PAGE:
Blattodea - Cockroaches. Greek "blatta" (cockroach). There are a few stories I have heard about cockroaches occasionally being found in Montana, for example in Missoula, but they aren't very common. I didn't see any growing up in Helena. Although cockroaches can deal with cold (like in NYC or Chicago) by staying in warm places, they also need moisture, and Montana is cool and dry, with relatively lower population density, so cockroaches don't have it easy here. Nothing like when I lived in Hawaii, and they seemed as common and numerous as mosquitos.
Coleoptera - Beetles. Greek "koleos" (sheath) + "ptera" (wings), refers to the modified front wings which serve as hard protective shells/covers for the membranous hind wings. Ex: Japanese beetle, Ladybug, Emerald Ash borer, Pine Beetle. See my entries on pine beetles at: http://hengruh.livejournal.com/91223.html
and at http://hengruh.livejournal.com/86073.html
and at http://hengruh.livejournal.com/67973.html
Finally, there is an interesting post on pine beetles and power animals at: http://hengruh.livejournal.com/47056.html
Dermaptera - Earwigs. Greek "derma" (skin) + "ptera" (wings), refers to the thickened forewings that cover and protect the hind wings. I have seen these in Helena, in wet places under wood piles for example.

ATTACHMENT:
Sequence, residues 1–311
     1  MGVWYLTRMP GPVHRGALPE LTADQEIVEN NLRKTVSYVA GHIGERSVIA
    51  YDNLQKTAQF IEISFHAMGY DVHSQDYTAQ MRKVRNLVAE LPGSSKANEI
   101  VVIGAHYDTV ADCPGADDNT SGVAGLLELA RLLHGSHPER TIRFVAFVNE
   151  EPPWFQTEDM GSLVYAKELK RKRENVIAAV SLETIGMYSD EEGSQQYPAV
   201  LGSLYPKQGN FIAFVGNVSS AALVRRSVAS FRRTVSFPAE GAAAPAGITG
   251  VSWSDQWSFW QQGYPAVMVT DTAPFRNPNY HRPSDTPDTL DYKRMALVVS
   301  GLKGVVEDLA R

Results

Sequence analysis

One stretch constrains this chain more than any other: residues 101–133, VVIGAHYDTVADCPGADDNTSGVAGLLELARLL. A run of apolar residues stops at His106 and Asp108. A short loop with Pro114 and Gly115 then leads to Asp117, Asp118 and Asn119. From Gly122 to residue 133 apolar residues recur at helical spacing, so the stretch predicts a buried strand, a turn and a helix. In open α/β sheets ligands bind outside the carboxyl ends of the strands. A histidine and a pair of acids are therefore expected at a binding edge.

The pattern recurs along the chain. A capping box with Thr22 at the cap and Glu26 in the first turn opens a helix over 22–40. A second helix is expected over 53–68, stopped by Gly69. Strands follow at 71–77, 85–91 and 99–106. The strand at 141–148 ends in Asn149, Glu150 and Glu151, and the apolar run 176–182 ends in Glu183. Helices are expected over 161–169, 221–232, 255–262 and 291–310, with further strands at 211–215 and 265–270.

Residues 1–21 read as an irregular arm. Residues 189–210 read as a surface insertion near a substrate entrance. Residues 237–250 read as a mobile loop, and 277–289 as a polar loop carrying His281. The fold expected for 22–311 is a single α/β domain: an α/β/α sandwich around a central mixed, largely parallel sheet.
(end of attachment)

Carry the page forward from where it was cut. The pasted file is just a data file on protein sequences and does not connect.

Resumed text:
Diptera - True Flies. Mosquitoes, Horseflies, Deerflies, Houseflies. Greek "di" (two) + "ptera" (wing) = 'two-wings', referring to the prominence of the two main wings. They all can get pretty bad during some summers, especially mosquitos along the rivers and the High Line. A cool mystery game about mosquitos, the West Nile virus, and birds is here: http://hengruh.livejournal.com/52339.html
Ephemeroptera - Mayflies. Greek "ephemera" (short-lived) + "ptera" (wings), a reference to the short lifespan of most adult mayflies. My post on Mayflies, Caddisflies, and Stoneflies and their interaction with Montana's trout is here: http://hengruh.livejournal.com/52148.html
Grylloblattodea - Icecrawlers, Rockcrawlers. Greek "gryll" (cricket) + "blatta" (cockroach), refers to the blend of cricket-like and roach-like traits found in these insects. Montana does have these, at high elevation near snow, ice and/or caves.
Hemiptera - True Bugs. Greek "hemi" (half) + "ptera" (wing). There are two Suborders: Homoptera and Heteroptera (in the old days Homoptera was a separate order from Hemiptera.
Heteroptera - Typical/True Bugs (Assassin bug, Bedbug, Stinkbug, Waterboatmen, Water Striders, Giant Waterbug). Greek "hetero-" (different) + "ptera" (wings), referring to the fact that the texture of the front wings is different near the base, where it is leathery, than it is at the apex, where it is membranous.